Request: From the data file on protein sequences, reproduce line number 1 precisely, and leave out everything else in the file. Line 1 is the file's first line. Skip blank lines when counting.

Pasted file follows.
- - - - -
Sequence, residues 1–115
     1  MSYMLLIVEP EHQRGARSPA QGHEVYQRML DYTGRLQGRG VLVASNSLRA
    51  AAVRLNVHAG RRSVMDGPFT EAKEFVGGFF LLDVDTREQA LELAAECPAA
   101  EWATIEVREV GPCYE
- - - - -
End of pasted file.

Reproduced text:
Sequence, residues 1–115